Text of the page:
From Tufts Medical Center, Boston, MA (Dr. Trautwein and Dr. Schwartz contributed equally to this article).
- Objective: To examine whether an institution- and service-specific readmission prediction instrument has improved performance compared to universal tools.
- Design: Retrospective cohort study.
- Setting: Academic medical center located in Boston, MA.
- Participants: Adult inpatients admitted to a medicine service.
- Measurements: Patient attributes, inpatient service assignment, and 30-day readmission rate.
- Results: Of 7972 index admissions, 12.6% were readmitted within 30 days. Thirty-day readmissions were associated with number of medications on admission (adjusted odds ratio [OR], 1.34; 95% confidence interval [CI], 1.11-1.61) for ≥ 11 compared with ≤ 5 medications; prior admission or overnight observation (OR, 1.89; 95% CI, 1.61-2.23); and discharge (OR, 2.45; 95% CI, 1.97-3.06) to an acute care facility compared to home without services. The subspecialty services with the highest risk of readmission were bone marrow transplant/hematology (OR, 2.46; 95% CI, 1.78-3.40) and oncology (OR, 2.26; 95% CI, 1.67-3.05), as compared with general medicine/geriatrics. The C statistic for the derivation cohort was 0.67, as compared with a C statistic of 0.63 for the LACE index.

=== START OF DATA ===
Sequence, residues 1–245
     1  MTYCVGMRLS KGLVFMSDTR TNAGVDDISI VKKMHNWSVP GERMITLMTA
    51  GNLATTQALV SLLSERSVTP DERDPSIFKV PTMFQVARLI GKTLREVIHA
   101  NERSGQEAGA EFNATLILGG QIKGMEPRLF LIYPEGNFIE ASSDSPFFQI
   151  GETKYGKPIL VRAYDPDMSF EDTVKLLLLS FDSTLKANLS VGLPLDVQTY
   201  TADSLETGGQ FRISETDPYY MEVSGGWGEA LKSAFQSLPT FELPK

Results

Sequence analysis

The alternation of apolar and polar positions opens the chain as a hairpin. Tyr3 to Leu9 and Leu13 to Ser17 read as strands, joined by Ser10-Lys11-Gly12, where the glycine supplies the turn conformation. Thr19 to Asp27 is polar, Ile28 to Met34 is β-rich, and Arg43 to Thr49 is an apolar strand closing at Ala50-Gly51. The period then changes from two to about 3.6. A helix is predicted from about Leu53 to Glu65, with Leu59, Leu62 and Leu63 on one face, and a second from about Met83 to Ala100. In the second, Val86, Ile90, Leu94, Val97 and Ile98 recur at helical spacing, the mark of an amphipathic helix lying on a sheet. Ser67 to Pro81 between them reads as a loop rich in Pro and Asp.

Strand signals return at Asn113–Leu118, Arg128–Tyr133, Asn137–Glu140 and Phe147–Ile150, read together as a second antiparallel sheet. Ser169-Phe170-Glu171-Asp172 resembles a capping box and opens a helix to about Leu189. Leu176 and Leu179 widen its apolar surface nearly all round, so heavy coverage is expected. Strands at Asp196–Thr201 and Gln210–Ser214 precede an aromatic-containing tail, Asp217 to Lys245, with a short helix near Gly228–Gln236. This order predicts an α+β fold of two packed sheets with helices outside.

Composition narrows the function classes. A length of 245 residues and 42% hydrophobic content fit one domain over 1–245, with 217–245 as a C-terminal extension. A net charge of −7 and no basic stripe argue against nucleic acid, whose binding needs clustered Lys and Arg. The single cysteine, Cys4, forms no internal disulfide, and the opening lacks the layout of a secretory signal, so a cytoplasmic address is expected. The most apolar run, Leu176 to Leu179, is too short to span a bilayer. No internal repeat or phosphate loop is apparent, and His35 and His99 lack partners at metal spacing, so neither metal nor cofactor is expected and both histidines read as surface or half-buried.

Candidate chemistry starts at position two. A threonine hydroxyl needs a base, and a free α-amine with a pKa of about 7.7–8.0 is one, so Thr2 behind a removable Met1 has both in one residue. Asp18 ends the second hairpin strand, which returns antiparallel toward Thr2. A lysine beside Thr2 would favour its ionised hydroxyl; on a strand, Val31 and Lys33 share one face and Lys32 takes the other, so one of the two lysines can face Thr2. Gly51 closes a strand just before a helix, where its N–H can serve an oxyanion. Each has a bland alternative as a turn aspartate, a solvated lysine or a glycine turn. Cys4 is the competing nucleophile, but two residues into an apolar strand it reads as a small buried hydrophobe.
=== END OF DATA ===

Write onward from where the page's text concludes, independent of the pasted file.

- Conclusion: A hospital service–specific 30-day readmission prediction tool showed incrementally improved performance over the widely used LACE index.
Keywords: rehospitalization; quality of care; predictive model; hospital medicine.
Readmissions are a costly problem in the United States. The readmission rate among Medicare beneficiaries aged 65 years and older was 17.1 per 100 live discharges in 2016.1 Although both the relationship between readmissions and quality of care and the use of readmissions as a quality measure are contested,2 efforts to reduce potentially avoidable rehospitalizations have received widespread attention and readmissions are a focus of reimbursement reform.3-5
The LACE index is a widely used model for readmission risk prediction.6 Derived from a study of hospitalized patients in Ontario, Canada, LACE uses information about length of stay, acuity, comorbidities, and emergency department utilization to estimate readmission risk. Models such as LACE+, LACE-rt, and HOSPITAL have tried to improve on LACE’s performance, but models with strong discriminative ability are lacking.7-9 Institution-specific models exist,10 as do well-organized multicenter studies,7 but their generalizability is limited due to population differences or inclusion of data difficult to extract from patients in real-time, such as data gathered through a socioeconomic questionnaire.
Given hospital-specific differences in operational performance and patient population, we sought to develop a statistical model for 30-day readmission prediction and demonstrate the process that could be utilized by other institutions to identify high-risk patients for intensive case management and discharge planning.